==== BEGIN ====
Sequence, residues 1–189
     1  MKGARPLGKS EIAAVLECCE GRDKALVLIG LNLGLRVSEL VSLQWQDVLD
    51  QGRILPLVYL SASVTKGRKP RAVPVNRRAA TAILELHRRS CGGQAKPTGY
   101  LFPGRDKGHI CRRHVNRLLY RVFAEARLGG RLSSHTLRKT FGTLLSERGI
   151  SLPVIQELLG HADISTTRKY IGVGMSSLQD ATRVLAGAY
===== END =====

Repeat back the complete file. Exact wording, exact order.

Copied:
Sequence, residues 1–189
     1  MKGARPLGKS EIAAVLECCE GRDKALVLIG LNLGLRVSEL VSLQWQDVLD
    51  QGRILPLVYL SASVTKGRKP RAVPVNRRAA TAILELHRRS CGGQAKPTGY
   101  LFPGRDKGHI CRRHVNRLLY RVFAEARLGG RLSSHTLRKT FGTLLSERGI
   151  SLPVIQELLG HADISTTRKY IGVGMSSLQD ATRVLAGAY